God talk

God Talk (1967)
Scottish-born theologian, philosopher and Anglican priest John Macquarrie’s 1967 book God-Talk: an Examination of the Language and Logic of Theology, is said to have introduced the phrase “god talk” into the colloquial vernacular.
In terminology, god talk, or “God-talk”, akin to “bibledygook” (Ѻ), synonymous to “God language” (Oliver, 1984), is a generic term refering to religious-themed and or god-centric language, ideas, and theory.

Etymology
The term “God-Talk”, as a characterization of the language of theology, according to Harold Oliver (1984), is attributed to the publication of Scottish-born theologian, philosopher and Anglican priest John Macquarrie’s 1967 book God-Talk: an Examination of the Language and Logic of Theology: [1]

“Lest it seem that relational hermeneutics is insensitive to the religious dimensions of myths, I shall attempt to explicate in relational terms what the expression ‘of the gods’ means within mythic consciousness. What follows is intended to apply with equal validity to originative religious stories and to statements of belief modeled on them. The first step toward this explication is the simple translation of the phrase ‘stories of gods’ into the generic formulation of God Language. Some might prefer the term ‘God-Talk’, suggested by Macquarrie [1967], but they must bear in mind that he coined it as a characterization of theology. God-Language seems to me best suited to represent the distinctive dimension of mythical...”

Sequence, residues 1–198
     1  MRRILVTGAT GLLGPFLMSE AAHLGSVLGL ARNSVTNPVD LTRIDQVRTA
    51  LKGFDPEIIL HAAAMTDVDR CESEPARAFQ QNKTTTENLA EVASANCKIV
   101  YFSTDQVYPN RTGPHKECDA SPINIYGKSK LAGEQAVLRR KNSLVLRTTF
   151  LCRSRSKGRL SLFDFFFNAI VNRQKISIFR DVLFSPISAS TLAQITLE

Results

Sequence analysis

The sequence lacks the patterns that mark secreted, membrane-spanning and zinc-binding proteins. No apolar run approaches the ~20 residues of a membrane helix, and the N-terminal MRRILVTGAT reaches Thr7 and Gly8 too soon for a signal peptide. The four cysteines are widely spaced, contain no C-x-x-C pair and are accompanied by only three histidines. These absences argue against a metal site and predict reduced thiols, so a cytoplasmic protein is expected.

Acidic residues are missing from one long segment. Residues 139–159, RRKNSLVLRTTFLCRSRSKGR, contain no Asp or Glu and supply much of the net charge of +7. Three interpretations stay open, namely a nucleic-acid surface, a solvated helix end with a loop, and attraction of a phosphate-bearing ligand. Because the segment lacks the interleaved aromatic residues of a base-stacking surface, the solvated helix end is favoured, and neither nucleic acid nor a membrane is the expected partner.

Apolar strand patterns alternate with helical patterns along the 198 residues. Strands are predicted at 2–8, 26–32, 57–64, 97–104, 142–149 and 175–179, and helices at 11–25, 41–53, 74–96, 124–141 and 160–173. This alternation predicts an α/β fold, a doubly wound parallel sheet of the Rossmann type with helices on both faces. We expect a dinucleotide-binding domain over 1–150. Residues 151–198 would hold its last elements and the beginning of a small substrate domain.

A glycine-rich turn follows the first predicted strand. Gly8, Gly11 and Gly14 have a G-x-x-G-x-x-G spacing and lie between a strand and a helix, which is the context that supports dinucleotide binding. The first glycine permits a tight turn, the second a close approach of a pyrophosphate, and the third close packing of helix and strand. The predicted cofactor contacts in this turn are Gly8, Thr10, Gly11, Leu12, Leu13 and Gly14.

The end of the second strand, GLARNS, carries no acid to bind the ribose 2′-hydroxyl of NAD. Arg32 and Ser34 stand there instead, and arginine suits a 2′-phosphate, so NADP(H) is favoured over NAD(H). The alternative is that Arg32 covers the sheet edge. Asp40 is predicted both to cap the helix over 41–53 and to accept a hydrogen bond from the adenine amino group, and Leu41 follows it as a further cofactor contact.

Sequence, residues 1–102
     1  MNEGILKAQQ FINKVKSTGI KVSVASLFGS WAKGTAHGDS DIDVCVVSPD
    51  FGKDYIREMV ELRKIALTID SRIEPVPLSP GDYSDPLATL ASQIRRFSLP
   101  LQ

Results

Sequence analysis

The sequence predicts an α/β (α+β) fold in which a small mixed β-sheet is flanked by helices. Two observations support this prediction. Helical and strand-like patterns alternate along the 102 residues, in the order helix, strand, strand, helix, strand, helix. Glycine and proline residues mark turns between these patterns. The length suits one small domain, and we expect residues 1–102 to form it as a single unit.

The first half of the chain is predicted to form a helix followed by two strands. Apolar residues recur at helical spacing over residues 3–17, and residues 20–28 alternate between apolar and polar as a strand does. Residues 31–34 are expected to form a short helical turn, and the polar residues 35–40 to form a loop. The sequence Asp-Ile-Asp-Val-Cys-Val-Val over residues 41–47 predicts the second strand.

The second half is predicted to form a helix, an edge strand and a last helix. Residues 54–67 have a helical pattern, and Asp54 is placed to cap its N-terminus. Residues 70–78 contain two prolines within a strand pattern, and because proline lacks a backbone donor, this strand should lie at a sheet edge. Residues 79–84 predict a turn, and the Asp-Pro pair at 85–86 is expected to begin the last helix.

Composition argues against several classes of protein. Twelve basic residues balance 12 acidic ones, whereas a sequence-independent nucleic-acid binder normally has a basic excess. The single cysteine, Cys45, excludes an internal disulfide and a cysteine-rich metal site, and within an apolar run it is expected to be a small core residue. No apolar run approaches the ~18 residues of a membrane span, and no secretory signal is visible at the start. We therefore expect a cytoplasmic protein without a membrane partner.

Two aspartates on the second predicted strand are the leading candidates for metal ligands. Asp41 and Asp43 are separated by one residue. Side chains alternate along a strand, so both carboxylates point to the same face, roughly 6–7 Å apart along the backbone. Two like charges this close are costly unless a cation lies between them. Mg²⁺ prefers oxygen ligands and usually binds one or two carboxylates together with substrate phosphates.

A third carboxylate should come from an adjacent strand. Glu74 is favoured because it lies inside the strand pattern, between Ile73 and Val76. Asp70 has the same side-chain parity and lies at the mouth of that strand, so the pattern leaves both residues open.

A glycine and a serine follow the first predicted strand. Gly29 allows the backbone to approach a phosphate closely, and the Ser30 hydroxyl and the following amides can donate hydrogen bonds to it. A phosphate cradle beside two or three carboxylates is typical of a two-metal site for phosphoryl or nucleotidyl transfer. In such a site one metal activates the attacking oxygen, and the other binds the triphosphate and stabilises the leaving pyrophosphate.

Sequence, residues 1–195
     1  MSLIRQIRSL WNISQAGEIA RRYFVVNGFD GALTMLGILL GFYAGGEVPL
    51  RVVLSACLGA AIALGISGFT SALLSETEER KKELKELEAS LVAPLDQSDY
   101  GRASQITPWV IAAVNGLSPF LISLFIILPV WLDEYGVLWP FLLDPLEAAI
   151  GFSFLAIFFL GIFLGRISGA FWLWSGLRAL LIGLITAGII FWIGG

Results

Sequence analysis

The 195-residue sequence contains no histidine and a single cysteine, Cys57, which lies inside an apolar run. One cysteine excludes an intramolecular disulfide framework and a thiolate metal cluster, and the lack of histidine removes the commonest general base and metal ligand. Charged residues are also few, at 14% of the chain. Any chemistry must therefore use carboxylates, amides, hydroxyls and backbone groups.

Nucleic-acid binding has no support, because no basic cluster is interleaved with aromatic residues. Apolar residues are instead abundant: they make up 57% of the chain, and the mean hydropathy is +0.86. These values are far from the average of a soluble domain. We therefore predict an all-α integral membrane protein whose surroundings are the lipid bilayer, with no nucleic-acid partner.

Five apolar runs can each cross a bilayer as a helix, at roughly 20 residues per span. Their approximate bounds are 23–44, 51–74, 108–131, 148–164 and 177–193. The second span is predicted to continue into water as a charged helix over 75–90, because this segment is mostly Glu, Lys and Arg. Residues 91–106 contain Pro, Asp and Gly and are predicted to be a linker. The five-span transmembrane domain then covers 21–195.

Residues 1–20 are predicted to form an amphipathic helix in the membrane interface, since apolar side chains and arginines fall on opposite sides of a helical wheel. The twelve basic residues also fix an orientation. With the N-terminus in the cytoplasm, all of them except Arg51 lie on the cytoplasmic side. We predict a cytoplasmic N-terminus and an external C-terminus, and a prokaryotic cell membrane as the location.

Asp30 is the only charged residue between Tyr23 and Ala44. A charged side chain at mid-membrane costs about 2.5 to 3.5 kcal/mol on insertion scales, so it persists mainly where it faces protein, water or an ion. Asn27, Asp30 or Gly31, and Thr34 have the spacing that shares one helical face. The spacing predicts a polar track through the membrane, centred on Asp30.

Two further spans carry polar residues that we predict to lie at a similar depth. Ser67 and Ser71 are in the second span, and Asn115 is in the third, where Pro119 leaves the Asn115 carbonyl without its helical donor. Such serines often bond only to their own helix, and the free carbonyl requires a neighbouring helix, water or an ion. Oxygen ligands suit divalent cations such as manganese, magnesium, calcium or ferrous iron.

Quotes
The following are related quotes:

“Why do we interject god-talk into our language? One reason, I suppose, is because we think in this way we clear up mysteries. Thus we use sentences like ‘God knows,’ or ‘God must want it that way,’ or ‘It must have been the will of God’ to avoid using sentences like ‘I don't know,’ or ‘I am totally ignorant,’ or ‘It was a chance event.’ The fact that we appeal to a mystery to explain a mystery will not be pointed out to us by most people because their critical faculties are blunted by our pious appeal to deity. Only a philosopher, or some other cantankerous person, will call out attention to the emptiness of our way of removing mysteries.”
— Troy Wilson Organ (c.1975), “God-Talk and Beyond” (Ѻ) (Ѻ)

“We can talk about anything we want – I’m happy to talk about consciousness – but please notice that when we migrate away from the God that is really shaping human events or the God-talk that is really shaping human events in our world at this moment …”
— Sam Harris (2010), debate with Deepak Chopra, Mar 23 (Ѻ)

See also
God’s energy
● God’s work
● God’s power
● God’s force

Reference
1. (a) Macquarrie, John. (1967). God-Talk: an Examination of the Language and Logic of Theology. S.C.M. Press.
(b) Oliver, Harold. H. (1984). Relatedness: Essays in Metaphysics and Theology (pg. 61). Mercer University Press.

External links
● Who uses the term “God-talk” and what do they mean? (Ѻ) – StackExchange.com.

TDics icon ns

More pages